"Quando farò questa domanda, vorrà dire che sarò diventato davvero vecchio."

Translation:When I ask this question, it will mean that I have become really old.

June 28, 2013

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The english here is just wrong. You don't use will and when together.


Duo accepts When I ask this question, it will mean that I will have become really old maybe they accept When I ask this question, it will mean that I have become really old. I think they allow 'literal' translations because you are right it is hardly English.

Edit Yes When I ask this question, it will mean that I have become really old is accepted.

So what is the best policy: risk a proper translation and get bounced out by the owl, or stick with the grindingly literal and end up not knowing what the sentence means, even when it is accepted. I don't know.


It seems to me that the best policy is to never answer in broken English, and always report when a correct English answer that is a valid translation is not accepted. A reasonable exception is when you run out of hearts due to this happening multiple times in the same lesson.


When I will comment on this, it will be after I look up a few things about English grammar on the internet. While I am confused by this sentence, I'm not sure the comments I've seen so far are correct.


This is not English at all.


Agreed. ¨When I will ...¨ is not correct English so should not be accepted. In fact it i one of those phrases I find I´m often correcting non-native English speakers on (Italian or French)
I was also wondering if ¨fare una domanda¨ can be translated as ¨make a request¨? Or does it always mean ¨ask a question¨¨?


I also translated with "make a request". Bad luck :(


Lots of languages seem to have this Russian, Polish too. (I mean native speakers of those languages seem to use it in English, not that I speak Russian or Polish).


I have an example of it working: "When we go to the party, that's when I will propose."


Probably the hardest sentence to translate (and to remember, since even directly translating it breaks down) in all of the Duolingo units that I have done.


They just keep coming. This is the worst sentence yet.


I understand that "volere+dire" is an idiom meaning "to mean", but is it possible that "vorrà dire" can also be translated more literally as "he/she will want to say"?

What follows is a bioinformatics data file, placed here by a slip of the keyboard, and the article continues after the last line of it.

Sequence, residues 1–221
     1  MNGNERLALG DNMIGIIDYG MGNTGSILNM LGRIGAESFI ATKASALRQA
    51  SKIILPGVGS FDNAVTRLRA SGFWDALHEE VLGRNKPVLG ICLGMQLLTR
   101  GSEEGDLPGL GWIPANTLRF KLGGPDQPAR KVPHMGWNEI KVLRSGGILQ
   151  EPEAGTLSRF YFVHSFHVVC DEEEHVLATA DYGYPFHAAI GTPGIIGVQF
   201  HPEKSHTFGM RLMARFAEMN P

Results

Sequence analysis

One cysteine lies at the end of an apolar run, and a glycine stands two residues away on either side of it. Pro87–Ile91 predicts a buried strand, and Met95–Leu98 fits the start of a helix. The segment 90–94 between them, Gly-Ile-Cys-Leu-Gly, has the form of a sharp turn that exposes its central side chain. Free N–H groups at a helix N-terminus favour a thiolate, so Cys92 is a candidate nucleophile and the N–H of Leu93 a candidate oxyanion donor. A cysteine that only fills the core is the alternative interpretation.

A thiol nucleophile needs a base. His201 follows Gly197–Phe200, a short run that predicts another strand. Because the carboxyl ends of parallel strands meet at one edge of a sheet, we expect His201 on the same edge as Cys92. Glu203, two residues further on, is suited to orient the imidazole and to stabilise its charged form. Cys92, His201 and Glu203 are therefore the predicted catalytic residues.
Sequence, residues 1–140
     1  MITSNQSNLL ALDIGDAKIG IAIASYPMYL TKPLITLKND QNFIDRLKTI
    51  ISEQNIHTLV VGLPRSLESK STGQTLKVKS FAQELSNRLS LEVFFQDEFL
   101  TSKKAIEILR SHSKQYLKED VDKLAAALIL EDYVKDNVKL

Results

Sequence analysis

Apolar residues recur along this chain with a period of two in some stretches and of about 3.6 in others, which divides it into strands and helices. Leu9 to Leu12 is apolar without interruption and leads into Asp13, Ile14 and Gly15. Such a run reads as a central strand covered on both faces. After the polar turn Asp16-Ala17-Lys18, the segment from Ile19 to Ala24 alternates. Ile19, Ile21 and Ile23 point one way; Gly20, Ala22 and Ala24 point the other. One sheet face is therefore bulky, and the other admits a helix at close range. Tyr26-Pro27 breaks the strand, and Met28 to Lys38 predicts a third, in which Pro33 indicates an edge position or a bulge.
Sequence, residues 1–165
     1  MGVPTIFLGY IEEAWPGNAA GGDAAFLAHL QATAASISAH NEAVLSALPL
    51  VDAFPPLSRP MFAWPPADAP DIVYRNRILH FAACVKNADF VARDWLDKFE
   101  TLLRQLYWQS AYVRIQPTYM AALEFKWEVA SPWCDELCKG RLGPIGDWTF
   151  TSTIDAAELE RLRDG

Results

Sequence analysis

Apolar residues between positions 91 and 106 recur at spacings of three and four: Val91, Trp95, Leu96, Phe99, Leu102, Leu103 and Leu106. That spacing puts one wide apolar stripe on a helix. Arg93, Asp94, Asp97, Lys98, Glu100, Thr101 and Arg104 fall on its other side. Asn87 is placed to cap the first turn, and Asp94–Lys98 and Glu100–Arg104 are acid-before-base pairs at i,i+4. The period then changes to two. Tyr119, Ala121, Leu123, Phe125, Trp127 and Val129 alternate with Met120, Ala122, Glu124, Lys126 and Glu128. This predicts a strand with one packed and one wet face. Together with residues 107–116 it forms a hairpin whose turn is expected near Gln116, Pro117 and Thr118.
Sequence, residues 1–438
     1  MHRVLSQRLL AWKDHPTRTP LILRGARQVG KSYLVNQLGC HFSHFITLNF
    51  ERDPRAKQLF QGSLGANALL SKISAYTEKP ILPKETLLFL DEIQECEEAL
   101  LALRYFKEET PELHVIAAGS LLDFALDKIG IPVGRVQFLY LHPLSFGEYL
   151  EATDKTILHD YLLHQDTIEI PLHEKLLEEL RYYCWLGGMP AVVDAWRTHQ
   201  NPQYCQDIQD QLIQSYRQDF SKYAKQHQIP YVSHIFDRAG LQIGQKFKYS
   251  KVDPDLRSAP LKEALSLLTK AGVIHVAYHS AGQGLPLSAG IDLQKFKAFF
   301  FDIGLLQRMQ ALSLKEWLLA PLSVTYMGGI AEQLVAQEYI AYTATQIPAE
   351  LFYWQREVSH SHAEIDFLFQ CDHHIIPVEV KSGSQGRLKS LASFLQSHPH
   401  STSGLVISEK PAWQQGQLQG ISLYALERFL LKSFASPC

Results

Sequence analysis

Yes, I've looked and it does seem that "voler dire" to be slightly more precise can mean "to mean/signify"


When I get this sentence right, it will mean that I have become really old.


Both "farò" and "saró" are pronounced with the English R, not with the Italian one.


why not :will have asked: this question?


That would be future perfect; the Italian sentence above is in future simple: faro.


I agree with others that the English here is wrong. The reason is that this is a first conditional, which should be formed with a present simple part ("when I ask this question"), and will + infinitive ("it will mean"). I am an English teacher - the DL error above (using two future forms) is very common as lots of other languages use this structure.


Omit the first "will" and you have a perfectly correct English sentence.


Why is saro diventato translated in the "correct" answer as "I have become" rather than "I will have become"? Wouldn't that be sono diventato?

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After cracking my head on this question, I feel old now. Confusing.


Should it on the lines of 'it will be said .....'?


WHY "pose" a question in English?????????


This is driving me crazy!! I can never get it right. Once I will have got this question right it will mean that I have become really old!! Get rid of this question!! It's stupid and it's driving me crazy!!!! I have done this so many times and I can't get it right..... I will never ever ever ever ever say anything like this to anyone ever ever ever ........


I just got it right!! After 50 million times I DID IT!!! But I think I have just memorised it because of all the times I have got it wrong.........


How does vorra dire come to translate "it will mean"?

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